The idea of corpse removal “is presented as an excuse for his disappearance by those who reject the resurrection account. So, if a Roman ruler from the time of Jesus condemns such activity, it is tempting to connect it to the biblical account — and even to suggest that it was written precisely because of Jesus’ resurrection!” Langlois told The Times of Israel in an email.

While the historical occasion of the issuance of the circa 50 CE imperial edict is puzzling, it is only rivaled by the mystery surrounding the artifact’s provenance. There is no true record of where it came from before it ended up in wizened Paris-based collector Wilhelm Froehner’s hands circa 1878. Upon his death in 1925, Froehner left some 3,400 largely uncatalogued items. About this inscription, he merely wrote in a journal, “sent from Nazareth in 1878.”

The Nazareth Inscription, Bibliothèque nationale in Paris, France. (Journal of Archaeological Science)

According to scholars’ palaeographical dating (dating on the basis of the shape of a text’s script), the inscription was written between the late 1st century BCE and the first half of the 1st century CE.

Epigrapher Langlois, who did not participate in the isotope study, agreed that the script “does fit the turn of the Christian Era (first centuries BCE and CE), but we cannot exclude other dates.” He further cautioned, “As we find more and more inscriptions, we realize that some of the shapes considered typical of a certain period may actually be found in other times.”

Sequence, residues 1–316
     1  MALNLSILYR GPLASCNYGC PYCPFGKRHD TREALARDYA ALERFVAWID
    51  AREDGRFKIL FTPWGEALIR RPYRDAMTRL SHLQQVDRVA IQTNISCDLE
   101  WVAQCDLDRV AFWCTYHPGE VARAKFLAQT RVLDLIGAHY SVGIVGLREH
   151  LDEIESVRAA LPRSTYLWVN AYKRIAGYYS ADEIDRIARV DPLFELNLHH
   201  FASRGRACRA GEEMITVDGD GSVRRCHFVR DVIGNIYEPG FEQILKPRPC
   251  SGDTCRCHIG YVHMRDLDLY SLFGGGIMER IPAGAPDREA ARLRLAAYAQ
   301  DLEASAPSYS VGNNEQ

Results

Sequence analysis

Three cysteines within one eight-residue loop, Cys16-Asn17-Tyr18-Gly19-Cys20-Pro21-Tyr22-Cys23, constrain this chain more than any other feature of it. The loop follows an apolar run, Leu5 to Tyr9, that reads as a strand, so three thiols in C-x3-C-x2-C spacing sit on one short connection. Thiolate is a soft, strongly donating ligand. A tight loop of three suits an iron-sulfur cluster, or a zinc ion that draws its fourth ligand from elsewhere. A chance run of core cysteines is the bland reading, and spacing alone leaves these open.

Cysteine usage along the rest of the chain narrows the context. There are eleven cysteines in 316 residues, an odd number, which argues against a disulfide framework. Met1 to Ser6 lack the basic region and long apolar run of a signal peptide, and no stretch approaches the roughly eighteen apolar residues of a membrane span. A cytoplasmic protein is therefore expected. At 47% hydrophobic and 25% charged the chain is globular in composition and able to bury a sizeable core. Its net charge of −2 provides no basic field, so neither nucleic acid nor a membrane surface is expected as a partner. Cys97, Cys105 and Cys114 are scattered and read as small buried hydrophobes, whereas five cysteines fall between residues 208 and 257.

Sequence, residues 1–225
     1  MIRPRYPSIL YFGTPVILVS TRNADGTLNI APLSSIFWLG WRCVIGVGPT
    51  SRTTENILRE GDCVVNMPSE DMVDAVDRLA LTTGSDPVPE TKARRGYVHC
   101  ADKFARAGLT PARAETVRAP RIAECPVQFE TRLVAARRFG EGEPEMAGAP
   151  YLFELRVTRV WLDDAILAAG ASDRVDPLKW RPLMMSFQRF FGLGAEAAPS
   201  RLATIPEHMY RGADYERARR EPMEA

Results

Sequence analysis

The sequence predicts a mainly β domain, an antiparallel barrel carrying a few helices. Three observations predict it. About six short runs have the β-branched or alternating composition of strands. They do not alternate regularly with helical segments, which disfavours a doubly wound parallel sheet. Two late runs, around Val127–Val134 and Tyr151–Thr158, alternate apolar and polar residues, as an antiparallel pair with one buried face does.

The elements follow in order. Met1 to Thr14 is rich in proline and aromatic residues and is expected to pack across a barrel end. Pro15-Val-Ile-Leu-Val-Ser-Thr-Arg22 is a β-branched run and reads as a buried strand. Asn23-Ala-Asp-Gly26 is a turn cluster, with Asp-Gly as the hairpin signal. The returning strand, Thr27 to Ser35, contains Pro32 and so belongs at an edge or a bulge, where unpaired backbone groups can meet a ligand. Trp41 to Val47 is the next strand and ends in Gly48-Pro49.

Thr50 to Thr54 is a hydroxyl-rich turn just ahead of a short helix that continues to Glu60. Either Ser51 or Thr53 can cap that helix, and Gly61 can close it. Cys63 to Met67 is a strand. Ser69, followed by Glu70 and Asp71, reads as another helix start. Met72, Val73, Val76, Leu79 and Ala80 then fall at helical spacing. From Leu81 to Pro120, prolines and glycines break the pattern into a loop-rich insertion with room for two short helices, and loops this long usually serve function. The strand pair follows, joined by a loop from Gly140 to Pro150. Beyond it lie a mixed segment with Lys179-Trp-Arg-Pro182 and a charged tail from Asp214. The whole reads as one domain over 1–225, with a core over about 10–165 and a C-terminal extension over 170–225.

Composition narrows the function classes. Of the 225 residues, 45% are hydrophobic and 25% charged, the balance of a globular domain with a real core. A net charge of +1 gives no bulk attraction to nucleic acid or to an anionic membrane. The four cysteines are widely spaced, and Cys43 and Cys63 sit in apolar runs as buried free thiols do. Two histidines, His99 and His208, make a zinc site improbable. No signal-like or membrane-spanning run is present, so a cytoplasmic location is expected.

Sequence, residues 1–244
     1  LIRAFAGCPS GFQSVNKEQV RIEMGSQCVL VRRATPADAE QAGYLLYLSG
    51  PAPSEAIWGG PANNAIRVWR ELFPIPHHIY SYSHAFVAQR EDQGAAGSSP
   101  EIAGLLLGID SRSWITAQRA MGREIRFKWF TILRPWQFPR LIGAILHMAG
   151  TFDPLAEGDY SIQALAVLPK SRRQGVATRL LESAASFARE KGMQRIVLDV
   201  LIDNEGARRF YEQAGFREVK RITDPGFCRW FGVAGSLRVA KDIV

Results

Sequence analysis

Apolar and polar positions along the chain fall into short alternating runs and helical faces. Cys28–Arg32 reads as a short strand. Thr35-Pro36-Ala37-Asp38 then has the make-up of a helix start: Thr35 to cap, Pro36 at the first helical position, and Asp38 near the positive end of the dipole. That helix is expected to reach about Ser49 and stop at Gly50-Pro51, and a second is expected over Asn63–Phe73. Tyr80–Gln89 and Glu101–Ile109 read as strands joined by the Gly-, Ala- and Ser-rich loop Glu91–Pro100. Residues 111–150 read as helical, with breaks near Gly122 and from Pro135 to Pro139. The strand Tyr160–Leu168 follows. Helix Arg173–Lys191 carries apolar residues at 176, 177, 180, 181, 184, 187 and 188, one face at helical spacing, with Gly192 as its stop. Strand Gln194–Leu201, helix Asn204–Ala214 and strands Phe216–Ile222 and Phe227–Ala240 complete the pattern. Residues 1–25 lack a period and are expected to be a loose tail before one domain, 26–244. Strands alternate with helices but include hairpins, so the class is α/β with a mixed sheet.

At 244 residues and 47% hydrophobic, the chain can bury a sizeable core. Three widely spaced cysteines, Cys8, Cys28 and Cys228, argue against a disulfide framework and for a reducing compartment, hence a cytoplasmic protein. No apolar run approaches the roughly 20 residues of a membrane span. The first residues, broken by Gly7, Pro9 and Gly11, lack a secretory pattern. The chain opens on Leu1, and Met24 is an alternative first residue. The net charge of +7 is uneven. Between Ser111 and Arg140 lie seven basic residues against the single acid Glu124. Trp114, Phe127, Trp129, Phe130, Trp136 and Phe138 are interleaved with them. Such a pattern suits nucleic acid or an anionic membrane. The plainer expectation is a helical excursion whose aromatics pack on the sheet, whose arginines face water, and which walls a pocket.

Assuming that the Nazareth Inscription was written by the upper margin of 50 CE, however, this later estimate would still predate the first recorded New Testament account of Jesus’s life and death, the Gospel of Mark, by several decades. Therefore, it could be the first physical “proof” of Jesus’s resurrection.

That is, of course, if it is real.

“Sensational finds coming from the market are always suspicious, and there is always the possibility that they might be forgeries. The Nazareth inscription is no exception,” said Langlois.

Provenance and the 19th century antiquities markets

Today, the inscription is housed in the National Library of France Bibliothèque nationale de France. But until collector Froehner’s 1925 death, it was unknown to the world.

In a 2018 Los Angeles Review of Books treatment of the Nazareth Inscription, ancient Rome historian Kyle Harper — who is also one of the authors of the isotope study — writes that Froehner was a one-time Louvre scholar who, ousted from his post, turned into an authenticator of antiquities for moneyed minor aristocracy. Of  Froehner’s own large collection, Harper writes, “His silence is that of a dragon content to brood over a treasure, of which the world is anyway ignorant.”

Since the Nazareth Inscription’s discovery in 1925, there have been two prevailing schools of thought over its origins: one, that it stood in Nazareth, Jesus’s hometown and reflected whispers of awareness in the halls of official Rome of early Christianity. Or, two, that it has nothing to do with Nazareth at all.

That is the conclusion reached by the new isotope study, which found that the marble was quarried on the Greek island of Kos.

According to the scientific article, the first scholar to publish on the inscription, Franz Cumont in 1930, stated that “the law could have been part of the general restoration of religion, morals and social order by the first emperor, Augustus.”

Augustus (photo credit: CC-BY-SA Till Niermann, Wikimedia Commons)
Augustus (CC-BY-SA Till Niermann, Wikimedia Commons)